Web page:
Finally, 4th of July rolled around, and I was pretty excited to see her. An hour or two before she was supposed to arrive, I showed up to the apartment where everyone was hanging out, and was surprised to hear a song from her mix on the stereo. I went over to the stereo, and found an identical copy of the mix sitting on top of it. She had made 15 copies and sent them to everyone on the trip, and needless to say, I was the only one who had responded with a mix of my own. Heartbroken and humiliated, I proceeded to crush a pair of 40s and perform a Mariah Carey song at karaoke. I'm sure that showed her.

Andrew:

Back in 8th grade, I liked a 7th grader named Carlee. I wanted to impress her, so I went and wrote a two-page (front/back journal paper) poem asking her out, detailing how pretty I thought she was and what I liked about her. I placed said poem in her locker and awaited a response via MSN Messenger (this was 1998) that night.

That evening, before I could hijack our single home-phone line with our dial-up internet, my sister came bursting in, giggling. My mom was preparing supper. I asked what was up, and my sister said, "Nice poem, LOSER!" She was best friends with Carlee and had apparently memorized my early attempt at romantic poetry. She then recited the whole poem to myself and my mother, who had a look of embarrassment for me, as well as a look of pride at her son being such a romantic.

Carlee promptly told me "no thanks" later that night. That was the extent of my romantic-poetry career as well.

Scott:

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I was in high school and was courting a girl that I was enamored with. Her birthday was coming up, and I had the best idea: I would set up a picnic at a nearby lake with a very nice home-cooked meal, and have my friends go out and set it up while I picked her up and took her out. I had balloons, flowers, and a delicious Italian meal, and my friends were all set to take it out to set it up. As they were leaving my house with all of the stuff, I had to run to a physical-therapy appointment, and then I was off to pick her up.

As we were both leaving, I was following behind my friend when I saw the balloons fly out the window. Fortunately, they were attached to the flowers, so I knew they weren't going anywhere, and I thought my friend was just fucking with me. Turns out, my buddy rolled his window down and the balloons flew out; he tried to reach out and grab them at the same time the window was automatically rolling up. To prevent his hand from getting messed up, he reached with his right hand to stop the window from rolling up ... thus leaving no hands on the wheel. My buddy wrecked his brand-new SUV into a tree at about 40 miles per hour with all of the stuff for my date inside.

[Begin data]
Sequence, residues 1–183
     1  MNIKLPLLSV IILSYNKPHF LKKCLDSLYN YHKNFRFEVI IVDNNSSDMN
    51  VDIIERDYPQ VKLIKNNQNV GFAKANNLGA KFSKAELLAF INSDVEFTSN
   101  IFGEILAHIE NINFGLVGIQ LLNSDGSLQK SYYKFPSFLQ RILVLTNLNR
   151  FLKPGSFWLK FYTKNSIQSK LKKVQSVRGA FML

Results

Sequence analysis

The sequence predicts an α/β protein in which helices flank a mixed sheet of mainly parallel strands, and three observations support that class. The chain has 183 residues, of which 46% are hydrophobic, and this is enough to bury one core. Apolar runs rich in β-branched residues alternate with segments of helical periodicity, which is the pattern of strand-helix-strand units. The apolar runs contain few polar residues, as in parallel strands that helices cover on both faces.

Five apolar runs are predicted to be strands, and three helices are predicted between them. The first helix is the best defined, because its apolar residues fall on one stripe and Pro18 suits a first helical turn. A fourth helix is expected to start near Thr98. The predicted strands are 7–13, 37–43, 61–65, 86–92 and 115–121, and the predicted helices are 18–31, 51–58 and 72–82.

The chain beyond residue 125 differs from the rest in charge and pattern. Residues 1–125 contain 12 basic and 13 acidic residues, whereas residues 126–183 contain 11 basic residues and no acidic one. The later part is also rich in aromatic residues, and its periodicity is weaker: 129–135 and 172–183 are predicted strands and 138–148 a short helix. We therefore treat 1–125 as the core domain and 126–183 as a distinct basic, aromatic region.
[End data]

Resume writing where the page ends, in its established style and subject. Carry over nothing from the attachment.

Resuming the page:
I called and cancelled my PT appointment, called the cops, and made sure everybody was alright. My mom came and took all the stuff out to the lake for me while I got my friend home. I eventually went to pick up the girl and was pretty freaking shaken up about the whole thing. We finally got to the park right about sunset. Only problem was that the park closed at dark, so a park ranger came and made us leave after about 20 minutes. It was not a good day.

Tom:

In high school, I had an absolutely DEBILITATING crush on a classmate of mine—and we were best friends. I was firmly, FIRMLY in the friend zone, and as a horribly shy, chubby, no-confidence-whatsoever high school male, I had no idea how to even begin to fix this. I drove her to school every day, we hung out on weekends (when she wasn't busy with her boyfriend), we went shopping together. I was essentially "one of the girls." Ugh.

Anyway, I made her the absolute worst mixtape imaginable. It opened with this. It's bad. I'm embarrassed even typing this. Anyway, I gave it to her one day at her house. She doesn't listen to it until maybe a week later, when me and some of her female friends are over. She pops it in, and every song is more sappy and lovey than the last. I see her friend give her the most disappointing look I've ever seen, which she promptly returns. I wanted to die. Of course I couldn't die on command (god, I wish I could have), and the looks on their faces haunt me to this day.

Bobby Big Wheel:

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Once, after my college girlfriend dumped me, I tried to get her back by playing "In Your Eyes" to her like in Say Anything. Except that I didn't have a boom box, so I rang her bell and played the song to her off my iPod.

Riley:

This was freshman year of high school, I think, and someone was having a birthday sleepover, and it was really cool because it was co-ed. At, like, one in the morning, we found this kid named Jerry sleeping (probably pretending to sleep, actually) right next to a piece of paper that had "Hannah," "Hannah+Jerry," "H+J," and all sorts of stuff like that in little hearts and shit. So Hannah sees this and approaches Jerry later and asks what the deal was, and it turns out he planted it so that she would see it and ask him out. It didn't work.